Yeah, I know, “Duh,” that’s obvious. But I think it’s also deeper than we tend to imagine. For a generation living in a particularly shallow, material-driven, consumeristic, and deeply dissatisfied culture, the hipster is something of the sentinel of the no-man’s-land between frustrated passion and quiet despair. They know, on some non-verbal level at least, exactly what is wrong, but have no idea of what is right. The same can be said of every counter-culture, of every disaffected person, whether hipster or beatnik, punk or hippie. Sneer as I might, and heap my disdain in righteous libations as I have been accustomed, an uneasy realization would eventually take hold through this experiment.
What can Christ offer to those very disaffected with this culture? How can Christ meet these souls in their angst and provide them with that ground, that deep and personally compelling identity to help negotiate that terrible no-man’s-land? When the name of Christ Himself becomes an object that, like any other thing to a hipster, can only be appreciated through a sense of irony, this is a task of evangelization requiring the abandonment of disdain and caustic attitudes.
Hipsterism, along with most other forms of counter-culturalism, is like a stutter. It develops in its initial stages for reasons not fully understood, but the way it becomes overriding is by being treated harshly. Getting impatient with a stuttering child is bound only to make it worse, but a deeper patience on the part of those dealing with it and by those afflicted by it is essential. By sneering at counter-culture and asserting the dominant paradigm, the insecurities within that give rise to outrageous behaviors and fashions assert themselves ever more strongly, and the behaviors and fashions become ever more outrageous. Counter-culture feeds off the dominant culture in the way a furnace feeds off a bellows, and the harder the bellows blows, the brighter and hotter the furnace.
What Christ offers is far different. Christ doesn’t see a person and think, “Hipster,” “Punk,” “Beatnik,” or “Hippie,” but instead, sees and person and knows their name. He sees the true self, the one hidden from our view by the outrageousness presented to our senses. While we are apt to shout at the stutter, or to blow the bellows, Christ simply ignores it. That’s right—to Christ, all that matters is His beloved, made in His image, and He refuses to give the false image the satisfaction of even being recognized. It has no right to exist. When Christ encounters the outcast sinners in the Gospels, His treatment of them is in speaking to that inner sanctum of authenticity and reality, where the heart longs for Christ but distracts itself from this longing through sin. When a person identifies with the false image, he feels threatened, discarded, and ignored—but through Christ he comes to learn to identify with Christ Himself, the true image.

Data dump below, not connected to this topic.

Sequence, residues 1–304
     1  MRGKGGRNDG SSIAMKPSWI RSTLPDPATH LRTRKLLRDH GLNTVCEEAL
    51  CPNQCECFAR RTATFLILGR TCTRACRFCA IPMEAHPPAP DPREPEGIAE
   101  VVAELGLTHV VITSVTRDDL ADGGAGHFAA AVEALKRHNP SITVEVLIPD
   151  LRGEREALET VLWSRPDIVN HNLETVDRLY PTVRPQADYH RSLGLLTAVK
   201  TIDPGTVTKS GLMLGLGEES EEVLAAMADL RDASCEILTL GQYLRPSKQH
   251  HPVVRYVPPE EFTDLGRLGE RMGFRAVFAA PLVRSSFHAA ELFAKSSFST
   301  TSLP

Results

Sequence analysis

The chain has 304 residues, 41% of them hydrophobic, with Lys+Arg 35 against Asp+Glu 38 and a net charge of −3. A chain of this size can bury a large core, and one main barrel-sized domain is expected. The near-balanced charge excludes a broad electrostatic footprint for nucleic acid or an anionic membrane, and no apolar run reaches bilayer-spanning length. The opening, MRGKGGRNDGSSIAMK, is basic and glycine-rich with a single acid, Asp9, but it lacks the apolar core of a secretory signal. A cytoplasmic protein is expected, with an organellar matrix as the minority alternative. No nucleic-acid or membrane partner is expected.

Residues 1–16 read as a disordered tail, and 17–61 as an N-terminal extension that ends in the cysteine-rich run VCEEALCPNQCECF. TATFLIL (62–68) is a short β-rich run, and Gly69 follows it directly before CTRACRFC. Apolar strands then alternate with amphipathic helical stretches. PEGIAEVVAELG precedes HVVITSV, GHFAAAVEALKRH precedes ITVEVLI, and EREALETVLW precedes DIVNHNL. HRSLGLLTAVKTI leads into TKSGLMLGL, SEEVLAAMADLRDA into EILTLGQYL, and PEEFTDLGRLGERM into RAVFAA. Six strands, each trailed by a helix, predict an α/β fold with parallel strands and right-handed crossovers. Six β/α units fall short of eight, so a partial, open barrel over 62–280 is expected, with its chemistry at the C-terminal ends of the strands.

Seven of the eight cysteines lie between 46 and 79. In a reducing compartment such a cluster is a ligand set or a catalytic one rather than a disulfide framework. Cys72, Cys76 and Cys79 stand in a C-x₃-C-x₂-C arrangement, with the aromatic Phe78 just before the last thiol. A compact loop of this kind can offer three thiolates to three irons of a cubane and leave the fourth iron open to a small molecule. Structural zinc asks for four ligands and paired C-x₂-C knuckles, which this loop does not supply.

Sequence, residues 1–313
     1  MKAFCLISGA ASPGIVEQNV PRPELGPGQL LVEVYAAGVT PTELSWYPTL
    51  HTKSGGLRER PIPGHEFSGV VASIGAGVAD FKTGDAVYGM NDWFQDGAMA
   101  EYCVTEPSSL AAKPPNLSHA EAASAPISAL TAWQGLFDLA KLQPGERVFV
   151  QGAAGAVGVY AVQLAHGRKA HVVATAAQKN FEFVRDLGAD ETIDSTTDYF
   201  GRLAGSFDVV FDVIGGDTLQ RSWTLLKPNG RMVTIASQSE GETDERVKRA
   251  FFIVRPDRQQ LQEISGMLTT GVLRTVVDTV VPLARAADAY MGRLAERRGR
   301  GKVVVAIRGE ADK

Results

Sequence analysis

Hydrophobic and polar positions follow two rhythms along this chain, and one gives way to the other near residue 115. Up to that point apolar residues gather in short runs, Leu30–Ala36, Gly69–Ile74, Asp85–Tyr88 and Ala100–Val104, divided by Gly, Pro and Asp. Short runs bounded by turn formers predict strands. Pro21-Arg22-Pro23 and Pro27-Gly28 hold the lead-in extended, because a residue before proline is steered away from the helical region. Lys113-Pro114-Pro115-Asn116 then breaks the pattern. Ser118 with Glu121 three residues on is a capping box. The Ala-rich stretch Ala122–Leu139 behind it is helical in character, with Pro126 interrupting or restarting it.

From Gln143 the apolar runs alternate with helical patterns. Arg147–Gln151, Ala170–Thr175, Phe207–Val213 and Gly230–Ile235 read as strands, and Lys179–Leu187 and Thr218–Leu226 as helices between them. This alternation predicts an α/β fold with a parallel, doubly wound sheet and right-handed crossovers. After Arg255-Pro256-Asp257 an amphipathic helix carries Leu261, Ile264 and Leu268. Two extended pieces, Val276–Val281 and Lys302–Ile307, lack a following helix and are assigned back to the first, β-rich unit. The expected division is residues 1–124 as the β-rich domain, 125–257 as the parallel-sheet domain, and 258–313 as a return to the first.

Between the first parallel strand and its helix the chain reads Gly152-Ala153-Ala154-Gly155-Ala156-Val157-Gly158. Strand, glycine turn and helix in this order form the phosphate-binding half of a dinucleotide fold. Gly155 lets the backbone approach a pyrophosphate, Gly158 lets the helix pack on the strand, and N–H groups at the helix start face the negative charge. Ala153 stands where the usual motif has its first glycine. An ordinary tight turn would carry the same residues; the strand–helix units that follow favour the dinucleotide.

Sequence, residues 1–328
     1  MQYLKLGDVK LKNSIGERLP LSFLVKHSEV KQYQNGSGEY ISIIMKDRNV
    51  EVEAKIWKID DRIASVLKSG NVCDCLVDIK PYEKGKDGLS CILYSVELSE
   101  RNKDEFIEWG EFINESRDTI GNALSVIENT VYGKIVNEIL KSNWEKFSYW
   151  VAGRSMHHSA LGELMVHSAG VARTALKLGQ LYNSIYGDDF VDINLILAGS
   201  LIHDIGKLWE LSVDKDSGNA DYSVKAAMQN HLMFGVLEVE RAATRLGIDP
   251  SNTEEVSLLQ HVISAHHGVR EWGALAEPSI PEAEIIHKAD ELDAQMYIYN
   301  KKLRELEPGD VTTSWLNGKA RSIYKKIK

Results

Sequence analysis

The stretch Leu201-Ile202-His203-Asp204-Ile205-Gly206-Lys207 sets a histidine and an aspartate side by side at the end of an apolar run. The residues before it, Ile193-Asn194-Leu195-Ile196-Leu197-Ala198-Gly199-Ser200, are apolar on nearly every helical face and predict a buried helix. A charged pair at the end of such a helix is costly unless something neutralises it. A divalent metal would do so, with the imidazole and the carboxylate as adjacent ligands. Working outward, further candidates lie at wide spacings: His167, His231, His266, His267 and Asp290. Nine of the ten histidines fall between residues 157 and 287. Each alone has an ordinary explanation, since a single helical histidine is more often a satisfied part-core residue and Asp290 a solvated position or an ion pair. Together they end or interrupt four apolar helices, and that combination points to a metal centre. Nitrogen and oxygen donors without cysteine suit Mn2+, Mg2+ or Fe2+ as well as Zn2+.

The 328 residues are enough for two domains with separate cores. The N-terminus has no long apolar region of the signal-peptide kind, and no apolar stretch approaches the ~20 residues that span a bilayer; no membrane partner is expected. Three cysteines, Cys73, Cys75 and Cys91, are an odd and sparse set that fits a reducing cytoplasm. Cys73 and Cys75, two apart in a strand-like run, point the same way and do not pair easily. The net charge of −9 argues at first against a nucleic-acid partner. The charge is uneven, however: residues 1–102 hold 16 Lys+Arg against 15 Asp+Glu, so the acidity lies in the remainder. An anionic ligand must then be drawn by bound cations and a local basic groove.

For us, this is a difficult realization. I for one struggle with the tension between the false image and the true image, between the deep, inner longing and the distractions that take my attention away from the void. For those living in such a way that this condition exists without being known, without the acceptance of hope, this can only move me toward empathy and a deeper patience. Treating a stutterer harshly does no one any good, whether the stutter is verbal or spiritual. All of us have this stutter as a part of our lives in some way—we might just not dress accordingly.
Perhaps we actually have an advantage here. The Church is at once culture, subculture, and counter-culture, and how one sees the Church accordingly is very telling of that person’s relationship to the Church. The Church has a mission that will always, no matter how accepted it she in the wider culture, ensure that she has a counter-cultural side. Catholic teaching on human dignity, on living a life based on deeper things than shallow consumerism, on the infinite and unimaginable love God has for each and every individual are all things that the Church has to offer in an authentically counter-cultural way. The Church is able to say, “We have something for you that, chances are, few people have actually heard of. We have something to give you that answers your fears of living an unremarkable life, of living a life buried in impersonal coldness robbed of dignity and identity. We have something to give you that grants you the freedom to pour out your entire nature as an individual into something expansive, meaningful, and, difficult though it is, very fulfilling. You can reclaim your soul from the impersonal forces in our world and offer it to something far from impersonal, far from crushing. You can be in on the greatest irony ever offered, the irony of God becoming man. And yes, you can still listen to the Fleet Foxes, though you will have to give up those skinny boy capris.” (Okay, so that last one is my own thing.)